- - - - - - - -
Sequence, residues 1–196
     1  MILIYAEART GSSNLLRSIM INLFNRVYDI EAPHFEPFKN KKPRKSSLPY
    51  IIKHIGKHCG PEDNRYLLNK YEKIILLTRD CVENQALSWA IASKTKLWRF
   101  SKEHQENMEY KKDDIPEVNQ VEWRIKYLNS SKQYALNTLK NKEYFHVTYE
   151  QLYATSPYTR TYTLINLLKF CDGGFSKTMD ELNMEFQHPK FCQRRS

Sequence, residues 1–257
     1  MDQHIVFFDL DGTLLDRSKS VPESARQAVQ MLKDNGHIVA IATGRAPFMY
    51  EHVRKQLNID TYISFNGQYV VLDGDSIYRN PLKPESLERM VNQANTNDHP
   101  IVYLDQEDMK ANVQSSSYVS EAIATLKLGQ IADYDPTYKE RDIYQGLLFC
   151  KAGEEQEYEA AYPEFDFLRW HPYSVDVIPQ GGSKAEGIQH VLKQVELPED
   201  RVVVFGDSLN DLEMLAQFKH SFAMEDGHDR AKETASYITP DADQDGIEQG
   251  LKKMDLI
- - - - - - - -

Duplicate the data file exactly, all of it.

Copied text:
Sequence, residues 1–196
     1  MILIYAEART GSSNLLRSIM INLFNRVYDI EAPHFEPFKN KKPRKSSLPY
    51  IIKHIGKHCG PEDNRYLLNK YEKIILLTRD CVENQALSWA IASKTKLWRF
   101  SKEHQENMEY KKDDIPEVNQ VEWRIKYLNS SKQYALNTLK NKEYFHVTYE
   151  QLYATSPYTR TYTLINLLKF CDGGFSKTMD ELNMEFQHPK FCQRRS

Sequence, residues 1–257
     1  MDQHIVFFDL DGTLLDRSKS VPESARQAVQ MLKDNGHIVA IATGRAPFMY
    51  EHVRKQLNID TYISFNGQYV VLDGDSIYRN PLKPESLERM VNQANTNDHP
   101  IVYLDQEDMK ANVQSSSYVS EAIATLKLGQ IADYDPTYKE RDIYQGLLFC
   151  KAGEEQEYEA AYPEFDFLRW HPYSVDVIPQ GGSKAEGIQH VLKQVELPED
   201  RVVVFGDSLN DLEMLAQFKH SFAMEDGHDR AKETASYITP DADQDGIEQG
   251  LKKMDLI